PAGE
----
Speech in conjunction with the UNESCO Center for Peace on United Nations Day Hood College, Frederick, MD, October 24, 2005

Speech in conjunction with the UNESCO Center for Peace
on United Nations Day
Hood College, Frederick, MD, October 24, 2005

Thank you Mr. Djoken; it is certainly an honor to be here with the Center for Peace in conjunction with International United Nations Day, honoring the idea of world respect and universal justice and human rights.

It was Zeno, the 3rd century B.C. Greek philosopher, who gave form to the vision of a world which should be a single global community of humankind, "in which all humans should be members one of another, citizens of one state without distinction of race or institutions."

It would take more than 2000 years for this vision to be imagined as a legal entity, with the creation of the League of Nations after World War I. Today's United Nations, the heritor of this impetus, is the largest and most powerful international body in the history of humankind that has grown out of Zeno's vision of a single global community.

My Human Rights Painting Project highlights these very same ideals - those of a humanity that is patriotic to humanity itself, above country, race, ethnicity or to the state in which they live. And it is this patriotism - to the highest aspirations of the human being as members of a global community - that is exemplified not only by my paintings, but also by the United Nations, and such groups as the Center for Peace.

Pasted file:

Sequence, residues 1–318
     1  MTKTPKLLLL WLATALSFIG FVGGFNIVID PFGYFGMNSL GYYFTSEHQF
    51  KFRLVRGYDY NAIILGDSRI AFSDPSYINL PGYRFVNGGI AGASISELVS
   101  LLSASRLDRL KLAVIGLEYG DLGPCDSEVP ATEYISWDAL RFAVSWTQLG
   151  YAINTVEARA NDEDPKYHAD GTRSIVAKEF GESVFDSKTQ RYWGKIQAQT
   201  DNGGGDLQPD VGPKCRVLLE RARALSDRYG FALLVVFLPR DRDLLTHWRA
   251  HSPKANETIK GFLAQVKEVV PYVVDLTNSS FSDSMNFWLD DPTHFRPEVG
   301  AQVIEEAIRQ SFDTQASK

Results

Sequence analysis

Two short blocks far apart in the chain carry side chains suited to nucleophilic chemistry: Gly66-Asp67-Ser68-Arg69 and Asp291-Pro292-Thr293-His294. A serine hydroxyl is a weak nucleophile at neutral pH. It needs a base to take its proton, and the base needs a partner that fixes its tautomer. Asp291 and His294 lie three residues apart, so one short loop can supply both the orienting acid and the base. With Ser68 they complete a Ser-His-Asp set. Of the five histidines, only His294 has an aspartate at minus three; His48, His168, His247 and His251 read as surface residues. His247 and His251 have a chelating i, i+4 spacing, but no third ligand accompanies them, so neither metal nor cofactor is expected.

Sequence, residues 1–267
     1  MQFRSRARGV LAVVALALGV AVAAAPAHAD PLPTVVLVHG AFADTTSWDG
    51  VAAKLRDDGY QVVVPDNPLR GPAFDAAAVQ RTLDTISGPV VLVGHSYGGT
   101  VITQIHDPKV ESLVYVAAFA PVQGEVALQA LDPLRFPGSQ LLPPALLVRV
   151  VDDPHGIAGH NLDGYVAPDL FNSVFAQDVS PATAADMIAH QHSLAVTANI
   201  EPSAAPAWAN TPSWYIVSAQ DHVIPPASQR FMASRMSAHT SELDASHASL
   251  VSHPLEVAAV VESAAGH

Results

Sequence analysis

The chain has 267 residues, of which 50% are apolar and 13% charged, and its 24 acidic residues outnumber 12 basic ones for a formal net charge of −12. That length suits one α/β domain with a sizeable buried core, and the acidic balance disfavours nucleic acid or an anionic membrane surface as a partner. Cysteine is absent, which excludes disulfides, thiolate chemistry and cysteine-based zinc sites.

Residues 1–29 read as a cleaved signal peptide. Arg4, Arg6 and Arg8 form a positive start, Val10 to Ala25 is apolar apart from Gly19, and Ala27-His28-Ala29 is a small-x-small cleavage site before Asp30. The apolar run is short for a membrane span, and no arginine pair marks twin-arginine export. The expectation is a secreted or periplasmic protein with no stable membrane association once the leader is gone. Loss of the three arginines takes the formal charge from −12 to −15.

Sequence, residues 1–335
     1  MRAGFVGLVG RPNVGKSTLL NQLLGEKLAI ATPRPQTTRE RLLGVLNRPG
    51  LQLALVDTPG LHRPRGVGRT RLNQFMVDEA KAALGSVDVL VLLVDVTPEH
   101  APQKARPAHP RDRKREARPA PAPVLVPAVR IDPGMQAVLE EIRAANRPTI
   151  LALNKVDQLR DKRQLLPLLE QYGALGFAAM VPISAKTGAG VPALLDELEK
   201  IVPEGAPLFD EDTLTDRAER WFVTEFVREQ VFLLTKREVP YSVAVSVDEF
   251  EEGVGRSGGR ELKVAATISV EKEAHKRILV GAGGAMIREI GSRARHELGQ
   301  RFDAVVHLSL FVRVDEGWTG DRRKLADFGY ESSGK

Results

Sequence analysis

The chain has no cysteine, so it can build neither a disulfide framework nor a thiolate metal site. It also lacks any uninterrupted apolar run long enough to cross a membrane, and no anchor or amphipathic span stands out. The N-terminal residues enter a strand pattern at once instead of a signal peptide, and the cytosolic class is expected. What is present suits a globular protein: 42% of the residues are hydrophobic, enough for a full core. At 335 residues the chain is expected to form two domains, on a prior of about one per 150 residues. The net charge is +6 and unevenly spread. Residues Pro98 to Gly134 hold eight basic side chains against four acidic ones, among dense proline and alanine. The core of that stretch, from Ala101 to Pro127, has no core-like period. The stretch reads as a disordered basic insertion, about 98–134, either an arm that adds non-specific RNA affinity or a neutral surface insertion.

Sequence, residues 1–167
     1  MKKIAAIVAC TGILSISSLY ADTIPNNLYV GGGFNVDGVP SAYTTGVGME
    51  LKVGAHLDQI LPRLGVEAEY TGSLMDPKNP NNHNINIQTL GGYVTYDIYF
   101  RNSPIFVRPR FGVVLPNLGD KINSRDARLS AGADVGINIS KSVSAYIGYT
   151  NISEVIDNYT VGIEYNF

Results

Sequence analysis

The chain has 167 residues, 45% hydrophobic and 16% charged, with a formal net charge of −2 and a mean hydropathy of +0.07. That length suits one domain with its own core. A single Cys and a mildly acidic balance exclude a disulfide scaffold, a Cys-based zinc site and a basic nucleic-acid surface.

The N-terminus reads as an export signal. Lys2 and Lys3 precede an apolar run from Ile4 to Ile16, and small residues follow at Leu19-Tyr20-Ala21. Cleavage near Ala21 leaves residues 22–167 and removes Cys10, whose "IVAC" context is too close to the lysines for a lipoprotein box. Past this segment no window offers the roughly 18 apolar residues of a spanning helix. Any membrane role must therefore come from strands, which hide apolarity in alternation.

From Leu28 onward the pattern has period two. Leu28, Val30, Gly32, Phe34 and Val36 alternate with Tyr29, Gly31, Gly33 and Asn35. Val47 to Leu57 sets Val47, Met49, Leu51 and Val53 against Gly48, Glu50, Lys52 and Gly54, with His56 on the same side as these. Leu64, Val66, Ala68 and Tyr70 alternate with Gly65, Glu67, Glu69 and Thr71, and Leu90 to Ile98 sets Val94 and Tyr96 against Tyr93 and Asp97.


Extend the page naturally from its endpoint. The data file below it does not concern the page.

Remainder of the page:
I have two specific philosophical goals for my Human Rights Painting Project:

The first, and perhaps most important, is to help break down the barriers between "us" and "them" - to show how these categories should only relate to what is in the heart, not to the color of the skin or a person's religion or any other signifier.

For me, anything that draws boundaries between human beings due to religion, ethnicity, class, skin color or any other such-like characteristic grows out of ignorance; an ignorance of the fact that we are, as a species a single human being - each and every one of us is an equal neuron in the vast mind that is humanity. True education is that which opens the eyes of the audience, highlights human similarities, preaches respect and shows that we are each part of some universal whole.

A second purpose of my Human Rights Painting Project is to highlight that the ideals of Truth, Justice and Freedom are only ideas, until someone is willing to die for them. In a world striving towards patriotism to all of humanity, and not some sub-class thereof, these ideals of are paramount importance - and represent the highest aspirations of humankind.

Ultimately, it is through the willingness to die for these ideals of the figures such as Sowore Omoyele, Jose Ortega, Maung Maung and others represented in the exhibit in the Hodson Library that makes of these ideals a reality - bringing them into our lives as a reality.